Blitz time crunch
By Bonnie Edwards
Published in News on June 6, 2006 1:49 PM
A group of volunteers is working feverishly to erect a Habitat for Humanity House in Harris Estates by the end of the week.
The Habitat Blitz Build is part of a national drive to put up homes for people in need. Habitat normally is involved in helping people obtain homes, but the blitz is an effort to get a lot of work done in a short period of time.
Work started early Monday at the Stephens Street site, with prefabricated walls going up. Bill Edgerton of the Wayne County chapter of Habitat for Humanity said the volunteers hope to be finished by Friday.
The Wayne County Home Builders Association is sponsoring the blitz home, with all 60 local contractors in the association involved. About 25 trade crews are involved in the acual construction and logistics.
Timing is critical to the success of the project, Edgerton said. Normally, when a house is built, one crew must wait for another to get finished before they can start their job. That is a luxury the project can't afford, Edgerton said.
Co-chairmen for the Habitat Blitz Build are Ken Jones of Ken Jones Construction & Inside Trim and Brian Walker of Walker Construction.
The group got some experience in putting up a house in a hurry following Hurricane Floyd. Volunteers erected a home for a storm victim in three days. Jones and Walker, who were involved in that project, said they expect the Harris Estates home to be done on time.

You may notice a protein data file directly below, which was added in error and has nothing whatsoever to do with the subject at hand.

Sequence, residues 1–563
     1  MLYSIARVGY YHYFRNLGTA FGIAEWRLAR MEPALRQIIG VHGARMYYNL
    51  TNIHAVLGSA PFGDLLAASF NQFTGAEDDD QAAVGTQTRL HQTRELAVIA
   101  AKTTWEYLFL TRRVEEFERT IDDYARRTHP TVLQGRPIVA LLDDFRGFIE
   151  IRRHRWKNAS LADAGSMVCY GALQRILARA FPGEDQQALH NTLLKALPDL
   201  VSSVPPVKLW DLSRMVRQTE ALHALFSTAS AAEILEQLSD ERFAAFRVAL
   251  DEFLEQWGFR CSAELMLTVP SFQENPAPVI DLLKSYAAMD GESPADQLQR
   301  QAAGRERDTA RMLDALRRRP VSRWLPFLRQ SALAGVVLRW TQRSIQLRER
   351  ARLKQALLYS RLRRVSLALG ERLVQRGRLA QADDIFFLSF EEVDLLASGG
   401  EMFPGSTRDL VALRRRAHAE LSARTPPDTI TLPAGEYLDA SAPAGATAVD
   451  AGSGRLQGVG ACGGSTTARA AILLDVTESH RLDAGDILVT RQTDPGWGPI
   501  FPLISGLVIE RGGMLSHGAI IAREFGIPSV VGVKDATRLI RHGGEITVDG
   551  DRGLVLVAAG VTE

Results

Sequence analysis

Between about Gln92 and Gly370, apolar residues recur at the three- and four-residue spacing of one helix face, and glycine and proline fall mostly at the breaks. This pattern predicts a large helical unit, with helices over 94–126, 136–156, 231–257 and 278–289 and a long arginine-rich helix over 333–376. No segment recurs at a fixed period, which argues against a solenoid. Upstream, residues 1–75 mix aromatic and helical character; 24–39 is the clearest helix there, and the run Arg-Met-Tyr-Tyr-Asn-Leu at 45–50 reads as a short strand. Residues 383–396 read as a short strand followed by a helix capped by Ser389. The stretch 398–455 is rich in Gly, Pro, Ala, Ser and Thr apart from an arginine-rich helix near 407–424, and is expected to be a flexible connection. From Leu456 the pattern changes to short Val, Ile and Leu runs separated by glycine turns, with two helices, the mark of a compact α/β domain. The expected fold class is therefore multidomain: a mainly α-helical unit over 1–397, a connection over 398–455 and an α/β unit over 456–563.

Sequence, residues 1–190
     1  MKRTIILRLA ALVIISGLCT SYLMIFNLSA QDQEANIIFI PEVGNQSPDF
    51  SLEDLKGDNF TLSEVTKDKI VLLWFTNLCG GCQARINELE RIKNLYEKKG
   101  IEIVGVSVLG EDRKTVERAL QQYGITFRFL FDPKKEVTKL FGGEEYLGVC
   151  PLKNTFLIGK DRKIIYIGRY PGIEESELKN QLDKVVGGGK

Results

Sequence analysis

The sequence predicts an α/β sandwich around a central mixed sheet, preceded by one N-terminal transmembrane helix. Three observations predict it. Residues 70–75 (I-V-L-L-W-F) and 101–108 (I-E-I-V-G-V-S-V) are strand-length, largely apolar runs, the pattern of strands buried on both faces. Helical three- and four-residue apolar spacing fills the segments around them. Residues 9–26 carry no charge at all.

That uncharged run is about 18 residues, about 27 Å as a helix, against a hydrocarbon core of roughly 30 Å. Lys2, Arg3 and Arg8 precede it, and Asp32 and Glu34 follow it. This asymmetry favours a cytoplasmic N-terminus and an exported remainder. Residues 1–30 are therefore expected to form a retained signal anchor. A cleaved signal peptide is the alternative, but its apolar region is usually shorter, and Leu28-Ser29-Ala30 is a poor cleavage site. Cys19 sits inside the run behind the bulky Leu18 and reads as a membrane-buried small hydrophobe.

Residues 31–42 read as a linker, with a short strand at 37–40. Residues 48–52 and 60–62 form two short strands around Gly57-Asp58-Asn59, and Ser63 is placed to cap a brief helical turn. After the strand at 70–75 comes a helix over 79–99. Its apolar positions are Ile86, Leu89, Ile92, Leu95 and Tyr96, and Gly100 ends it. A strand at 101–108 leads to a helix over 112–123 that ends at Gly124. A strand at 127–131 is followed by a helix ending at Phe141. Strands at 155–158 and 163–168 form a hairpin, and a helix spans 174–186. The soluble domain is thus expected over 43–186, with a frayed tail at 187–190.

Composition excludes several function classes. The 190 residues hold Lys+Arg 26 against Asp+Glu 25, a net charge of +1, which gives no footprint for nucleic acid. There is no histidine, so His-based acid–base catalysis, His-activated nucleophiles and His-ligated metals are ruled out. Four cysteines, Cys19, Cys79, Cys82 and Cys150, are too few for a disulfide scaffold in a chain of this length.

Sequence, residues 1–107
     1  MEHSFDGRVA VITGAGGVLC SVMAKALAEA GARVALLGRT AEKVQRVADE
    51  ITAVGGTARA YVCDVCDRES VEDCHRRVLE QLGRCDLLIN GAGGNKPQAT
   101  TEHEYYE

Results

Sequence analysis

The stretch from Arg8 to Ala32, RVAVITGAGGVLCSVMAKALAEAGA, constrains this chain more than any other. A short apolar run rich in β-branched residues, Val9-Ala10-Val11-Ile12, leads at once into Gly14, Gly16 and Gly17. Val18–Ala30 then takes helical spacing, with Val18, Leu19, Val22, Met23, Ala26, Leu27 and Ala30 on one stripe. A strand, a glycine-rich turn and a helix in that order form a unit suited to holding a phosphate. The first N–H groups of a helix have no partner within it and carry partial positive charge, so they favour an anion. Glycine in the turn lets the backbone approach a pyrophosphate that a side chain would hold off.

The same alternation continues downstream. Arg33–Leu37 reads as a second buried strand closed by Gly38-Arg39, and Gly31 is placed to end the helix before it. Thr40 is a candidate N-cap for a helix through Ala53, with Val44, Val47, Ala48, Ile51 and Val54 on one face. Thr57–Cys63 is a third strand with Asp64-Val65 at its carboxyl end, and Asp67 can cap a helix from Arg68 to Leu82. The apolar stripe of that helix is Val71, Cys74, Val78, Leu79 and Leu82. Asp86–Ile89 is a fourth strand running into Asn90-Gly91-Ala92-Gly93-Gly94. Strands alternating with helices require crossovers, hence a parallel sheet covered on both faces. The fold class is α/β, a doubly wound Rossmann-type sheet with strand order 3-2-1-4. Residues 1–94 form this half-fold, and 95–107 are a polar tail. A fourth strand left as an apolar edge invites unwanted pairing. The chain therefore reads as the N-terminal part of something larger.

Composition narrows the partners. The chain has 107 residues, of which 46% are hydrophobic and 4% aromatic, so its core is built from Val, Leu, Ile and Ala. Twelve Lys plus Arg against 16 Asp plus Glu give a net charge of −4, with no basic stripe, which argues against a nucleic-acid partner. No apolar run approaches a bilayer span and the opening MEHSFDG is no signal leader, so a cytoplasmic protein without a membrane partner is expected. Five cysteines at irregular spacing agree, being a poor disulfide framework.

"This one should be a breeze," Walker said.
Planning for the work is the key to getting the job done, Walker and Jones said. They have planned ahead for unforeseen hold-ups. One occurred over the weekend, when thieves stole $2,000 worth of donated items, including windows and light.
Luckily, Jones said, Goldsboro Builders, which has supplied fixtures for previous Habitat houses, had extra windows and lights on order and they showed up on Monday.
Edgerton said the biggest difference is the six months of advance planning it takes to do the Blitz Build in one week.
"Normally you can take your time and do it over six months," Edgerton said. "There could be four or five different trade crews in there at one time. One comes in and gets out of the way before the next one comes."
After the final inspection Friday, all the volunteers are invited back for a barbecue lunch.
And at 3 p.m. Sunday, Cecilia Menley's new home will be dedicated during a brief ceremony.
Wayne County's unit of Habitat for Humanity is planning to erect six homes this year, Edgerton said. Homeowners qualify for help based on their income levels, ability to make the payments on the home and willingness to work on the construction. This aspect of Habitat home ownership is called "sweat equity."
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